The Trump White House’s deliberations over designating the Iranian regime’s Revolutionary Guard Corps as a Foreign Terrorist Organization (FTO) is a monumental and long overdue step on the road to finally blocking the expansion of extremism in the region.
For too long, past administrations have placed sanctions on aspects of the IRGC, including specific leaders and even units within it such as the Quds Force, but none had been willing to seriously raise the question about designating the IRGC as a whole.
For the U.S., this administration’s team is making a series of calculations based on the fundamental truth about the IRGC, which is that to solve the puzzle of rising Islamic extremism, you cannot nibble at the edges, but have to attack it at its center.
The White House is likely to move more quickly on the designation of the Islamic Revolutionary Guard Corps, which could be less of a challenge to implement, one person familiar with the discussions said. It was unclear when a decision would be made on that designation, according to the Wall Street Journal.
The Revolutionary Guard is the Iranian regime’s elite military unit and reports directly to top mullah, Ali Khamenei, with a command separate from Iran’s traditional military. It was established following the 1979 Islamic revolution in Iran and over the past decade has also grown to dominate Iran’s economy, with holdings in property, oil and gas and telecommunications. U.S. officials estimate the IRGC controls as much as 50% of Iran’s economy.
The Trump administration last week imposed new sanctions on more than two dozen Iranian individuals and entities in retaliation for the country’s latest ballistic missile test launch, in January.
Taking the step of designating the Revolutionary Guard as a terrorist organization would give the U.S. further latitude to target the IRGC’s finances and companies, which would affect large sectors of Iranian regime’s economy.
Emanuele Ottolenghi, an expert at the Foundation for Defense of Democracies who supports the move to designate the IRGC, said it would go beyond efforts by the Bush administration to more narrowly target the military group’s illicit trade and funding for terrorism.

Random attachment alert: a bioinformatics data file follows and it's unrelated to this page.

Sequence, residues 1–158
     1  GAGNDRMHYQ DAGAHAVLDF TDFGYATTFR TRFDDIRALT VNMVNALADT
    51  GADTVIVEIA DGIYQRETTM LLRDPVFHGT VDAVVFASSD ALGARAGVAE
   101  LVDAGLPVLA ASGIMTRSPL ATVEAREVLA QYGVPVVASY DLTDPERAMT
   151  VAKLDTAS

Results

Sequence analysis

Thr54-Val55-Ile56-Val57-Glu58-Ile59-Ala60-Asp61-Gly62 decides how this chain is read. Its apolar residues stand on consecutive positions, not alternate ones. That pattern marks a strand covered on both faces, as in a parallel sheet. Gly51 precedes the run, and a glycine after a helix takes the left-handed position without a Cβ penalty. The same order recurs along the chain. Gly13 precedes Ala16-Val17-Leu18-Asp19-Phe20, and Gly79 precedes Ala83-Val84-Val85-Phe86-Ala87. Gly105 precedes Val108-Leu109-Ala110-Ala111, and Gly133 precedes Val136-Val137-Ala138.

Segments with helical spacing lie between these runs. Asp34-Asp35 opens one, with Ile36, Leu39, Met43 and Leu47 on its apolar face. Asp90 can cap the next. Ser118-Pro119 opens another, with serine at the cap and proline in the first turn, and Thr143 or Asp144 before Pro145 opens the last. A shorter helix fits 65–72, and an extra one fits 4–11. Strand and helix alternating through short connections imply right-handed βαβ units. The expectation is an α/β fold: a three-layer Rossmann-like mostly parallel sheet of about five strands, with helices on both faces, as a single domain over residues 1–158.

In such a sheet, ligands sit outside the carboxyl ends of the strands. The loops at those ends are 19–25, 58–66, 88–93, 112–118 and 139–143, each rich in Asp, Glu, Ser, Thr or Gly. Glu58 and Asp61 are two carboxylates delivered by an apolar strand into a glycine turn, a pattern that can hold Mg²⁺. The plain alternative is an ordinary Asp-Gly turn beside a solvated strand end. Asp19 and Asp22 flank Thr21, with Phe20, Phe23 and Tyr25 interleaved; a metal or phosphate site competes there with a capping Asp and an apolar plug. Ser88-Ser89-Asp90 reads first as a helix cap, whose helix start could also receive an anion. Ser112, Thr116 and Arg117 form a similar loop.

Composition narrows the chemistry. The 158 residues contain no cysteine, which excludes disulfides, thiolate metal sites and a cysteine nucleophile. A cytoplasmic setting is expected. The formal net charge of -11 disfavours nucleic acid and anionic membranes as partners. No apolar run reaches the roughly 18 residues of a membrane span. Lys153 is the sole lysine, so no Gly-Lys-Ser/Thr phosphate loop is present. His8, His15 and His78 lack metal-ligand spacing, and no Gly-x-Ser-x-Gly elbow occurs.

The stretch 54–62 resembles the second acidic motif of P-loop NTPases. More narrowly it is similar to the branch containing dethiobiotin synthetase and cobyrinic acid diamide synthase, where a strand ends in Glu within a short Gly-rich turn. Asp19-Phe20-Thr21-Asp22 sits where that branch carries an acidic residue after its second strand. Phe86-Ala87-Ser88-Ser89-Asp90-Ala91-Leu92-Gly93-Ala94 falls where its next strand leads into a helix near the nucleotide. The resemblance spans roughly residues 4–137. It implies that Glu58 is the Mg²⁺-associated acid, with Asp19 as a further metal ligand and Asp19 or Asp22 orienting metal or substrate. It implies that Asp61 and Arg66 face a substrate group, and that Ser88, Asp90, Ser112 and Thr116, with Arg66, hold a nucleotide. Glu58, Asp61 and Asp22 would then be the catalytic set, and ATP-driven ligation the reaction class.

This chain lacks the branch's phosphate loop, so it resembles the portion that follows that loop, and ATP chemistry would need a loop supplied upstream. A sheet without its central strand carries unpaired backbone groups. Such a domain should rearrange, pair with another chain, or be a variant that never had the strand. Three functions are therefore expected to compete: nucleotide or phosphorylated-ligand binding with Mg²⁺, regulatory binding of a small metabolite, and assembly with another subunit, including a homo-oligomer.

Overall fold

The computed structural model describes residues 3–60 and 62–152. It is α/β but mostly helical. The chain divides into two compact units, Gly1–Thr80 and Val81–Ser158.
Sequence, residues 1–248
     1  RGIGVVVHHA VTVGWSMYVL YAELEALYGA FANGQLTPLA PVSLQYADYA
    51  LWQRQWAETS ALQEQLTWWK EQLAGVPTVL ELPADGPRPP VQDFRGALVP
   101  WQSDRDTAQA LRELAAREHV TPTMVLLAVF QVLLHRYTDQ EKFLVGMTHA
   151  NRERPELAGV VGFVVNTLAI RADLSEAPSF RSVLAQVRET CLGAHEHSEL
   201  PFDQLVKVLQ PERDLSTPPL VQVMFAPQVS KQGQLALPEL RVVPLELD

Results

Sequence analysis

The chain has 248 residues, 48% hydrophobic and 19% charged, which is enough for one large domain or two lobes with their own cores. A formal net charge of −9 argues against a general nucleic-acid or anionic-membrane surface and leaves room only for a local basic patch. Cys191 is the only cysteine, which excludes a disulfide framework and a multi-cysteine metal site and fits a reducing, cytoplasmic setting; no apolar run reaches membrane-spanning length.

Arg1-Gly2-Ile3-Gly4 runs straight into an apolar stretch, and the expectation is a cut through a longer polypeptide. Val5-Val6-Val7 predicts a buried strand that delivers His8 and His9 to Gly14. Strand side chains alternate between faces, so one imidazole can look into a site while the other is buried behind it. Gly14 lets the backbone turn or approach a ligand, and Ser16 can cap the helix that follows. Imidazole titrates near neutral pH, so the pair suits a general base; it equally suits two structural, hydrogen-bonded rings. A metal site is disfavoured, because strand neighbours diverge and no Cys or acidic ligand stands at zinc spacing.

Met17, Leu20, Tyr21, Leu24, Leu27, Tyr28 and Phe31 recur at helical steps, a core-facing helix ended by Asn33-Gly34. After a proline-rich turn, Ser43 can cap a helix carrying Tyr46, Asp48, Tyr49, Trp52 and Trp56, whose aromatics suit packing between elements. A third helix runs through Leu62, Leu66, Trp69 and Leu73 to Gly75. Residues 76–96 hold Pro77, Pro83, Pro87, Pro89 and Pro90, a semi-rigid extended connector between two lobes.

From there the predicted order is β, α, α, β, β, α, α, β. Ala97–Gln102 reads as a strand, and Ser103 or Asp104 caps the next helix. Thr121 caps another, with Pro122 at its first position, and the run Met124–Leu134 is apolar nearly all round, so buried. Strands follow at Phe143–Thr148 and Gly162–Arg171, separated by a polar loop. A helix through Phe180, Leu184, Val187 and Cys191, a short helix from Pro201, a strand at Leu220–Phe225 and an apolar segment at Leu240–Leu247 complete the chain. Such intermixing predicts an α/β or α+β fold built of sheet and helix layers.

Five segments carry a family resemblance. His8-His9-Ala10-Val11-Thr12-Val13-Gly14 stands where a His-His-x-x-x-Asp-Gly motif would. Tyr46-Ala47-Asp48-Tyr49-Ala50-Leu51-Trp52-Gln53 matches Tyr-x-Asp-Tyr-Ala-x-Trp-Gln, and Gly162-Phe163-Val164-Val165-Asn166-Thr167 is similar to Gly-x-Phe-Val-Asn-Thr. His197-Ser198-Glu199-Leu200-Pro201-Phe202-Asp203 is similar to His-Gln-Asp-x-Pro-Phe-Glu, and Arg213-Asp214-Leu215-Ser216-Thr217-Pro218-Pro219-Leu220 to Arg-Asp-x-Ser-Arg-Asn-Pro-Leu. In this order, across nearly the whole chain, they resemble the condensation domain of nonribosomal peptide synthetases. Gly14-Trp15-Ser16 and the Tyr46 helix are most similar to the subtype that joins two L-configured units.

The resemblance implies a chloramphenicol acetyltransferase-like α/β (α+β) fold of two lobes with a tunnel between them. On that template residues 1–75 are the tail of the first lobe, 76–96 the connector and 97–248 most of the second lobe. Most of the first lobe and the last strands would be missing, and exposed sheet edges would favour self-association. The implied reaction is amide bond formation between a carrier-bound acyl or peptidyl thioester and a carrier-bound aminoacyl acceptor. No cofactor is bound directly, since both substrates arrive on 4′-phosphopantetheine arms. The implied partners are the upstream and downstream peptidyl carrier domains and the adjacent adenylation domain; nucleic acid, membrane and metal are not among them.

“The net effect would be more significant. It would cast the net more widely,” he said.
According to the Journal, there is broad and bipartisan support within Congress to designate the IRGC and levy additional sanctions much to the chagrin of the Iran lobby which went into full-defense mode and scrambled to block this latest in a string of moves aimed at the regime.
Loyal regime ally, the National Iranian American Council issued talking points opposing the designation which was a verbatim regurgitation of past defenses of the regime and offered nothing new; hanging its hat on the sole prospect that the nuclear deal would be jeopardized.
The move to designate the IRGC strikes at the very heart of the economic engine that fuels the mullahs rule and expansion of terrorism in the region.
Without access to the ill-gotten gains they secure from the industries controlled by the IRGC, the mullahs could not support their proxy wars, could not upgrade its military and could not continue to funnel cash to the Assad regime in Syria or keep Hezbollah afloat.
As pointed at in a piece for the Daily Caller, targeting the IRGC is the culmination of a long series of militant actions by the IRGC that has resulted in loss of U.S. lives.
Iran and elements of the IRGC were implicated several times in assisting in the killing of U.S. soldiers in Iraq. Marine Gen. Joseph Dunford, chairman of the Joint Chiefs of Staff, told Congress a year ago, “I know the total number of soldiers, sailors, airmen and Marines that were killed by Iranian activities, and the number has been recently quoted as about 500.”
It could also cripple the Iranian regime to a point where the prospect of true democratic reforms could finally emerge.
Of course all of this is only hopeful speculation at this point, but the prospect of aggressive action against the regime after years of trying to appease the mullahs bore no fruit is a welcome turnaround for critics of the regime and should provide a valuable morale boost to the long struggle against the regime waged by Iranian dissident groups.
Shahriar Kia, a political analyst and member of the Iranian opposition, the People’s Mujahedin Organization of Iran (PMOI, also known as the MEK), wrote in the Hill that the Kayhan daily, the known Khamenei mouthpiece, revealed the Iranian regime’s terrified status quo, describing this as a “historic turn.”
“There are times when developments take such an unprecedented pace, making any forecasting about the future quite difficult,” the piece reads.
Iranian Deputy Foreign Minister Abbas Araqchi said in a recent TV interview Tehran’s foreign policy will face serious crises with Donald Trump coming to the White House.
Ali Khorram, an Iranian Foreign Ministry official, suggested the mullahs’ regime should use “common sense” and keep a low profile during such times.
The state-run Iran daily wrote, “This measure by Iran provides an excuse for Trump to take actions against Iran, increasing his intention to disrupt the status quo resulting from the Iran nuclear deal.”
That has to be pretty disturbing to them.